Background and objective: Dry cough is the most common reason for stopping angiotensin-converting enzyme inhibitors (ACEi) therapy. The role of ACE in the metabolism of bradykinin has been proposed as a pathogenic mechanism. This study included a complete analysis of the variability of the genes involved in bradykinin metabolism (ACE and XPNPEP2) and bradykinin receptors (BDKRB2). We included two polymorphisms in the ABO (related to ACE levels); two polymorphisms in the AGTR1, and one polymorphism in the BKRB1 (related to ACEi response).
Methods: A total of 281 patients who had been treated with ACEi were retrospectively recruited [102 patients were considered as cases (cough) and 179 patients were considered as controls (no cough)], and 56 polymorphisms were tested for association.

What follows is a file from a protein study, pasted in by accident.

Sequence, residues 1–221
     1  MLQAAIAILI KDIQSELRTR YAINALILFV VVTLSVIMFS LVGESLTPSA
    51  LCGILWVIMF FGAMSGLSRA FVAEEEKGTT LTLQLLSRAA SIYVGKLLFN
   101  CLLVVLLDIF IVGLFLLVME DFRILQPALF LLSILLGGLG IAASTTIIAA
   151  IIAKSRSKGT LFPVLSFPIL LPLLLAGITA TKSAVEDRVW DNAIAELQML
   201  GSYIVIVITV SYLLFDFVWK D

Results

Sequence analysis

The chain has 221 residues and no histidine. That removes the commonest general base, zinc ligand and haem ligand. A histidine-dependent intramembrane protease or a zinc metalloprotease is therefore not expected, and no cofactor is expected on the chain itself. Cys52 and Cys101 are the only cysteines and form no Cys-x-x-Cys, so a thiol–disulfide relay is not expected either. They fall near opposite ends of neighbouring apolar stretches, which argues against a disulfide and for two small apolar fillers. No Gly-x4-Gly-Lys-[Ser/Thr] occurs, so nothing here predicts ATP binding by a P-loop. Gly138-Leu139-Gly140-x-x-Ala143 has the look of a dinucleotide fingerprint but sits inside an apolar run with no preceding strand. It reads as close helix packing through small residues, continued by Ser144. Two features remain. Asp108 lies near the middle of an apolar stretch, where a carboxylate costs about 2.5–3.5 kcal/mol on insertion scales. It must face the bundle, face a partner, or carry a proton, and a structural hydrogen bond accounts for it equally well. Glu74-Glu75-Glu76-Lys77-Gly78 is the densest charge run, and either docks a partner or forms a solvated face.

Results: We found that genetic polymorphisms in BDKRB2 [rs8016905; P=0.003; odds ratio (OR)=2.21] and ABO (rs495828; P=0.001; OR=2.45) are associated with ACEi-induced cough after correction for multiple testing. The effect of polymorphisms in ABO was sex specific (female patients; P=0.0006; OR=3.26). When we analyzed the subgroup of patients homozygous GG for rs4343, two polymorphisms in the ACE were found to have protective properties (rs4459610 and rs4267385; P=0.005 and 0.004; OR=0.25). We also found a strong interaction between the ABO polymorphisms, rs495828 and rs8176746 (P<0.0001; OR=3.7).
Conclusion: These results highlight the importance of genetic determinants of ACE levels as good predictors of the ACEi response, and provide ABO as a good candidate gene for pharmacogenetic studies of ACEi-related cough. Moreover, our results also confirm the importance of bradykinin in the pathogenesis of this adverse effect.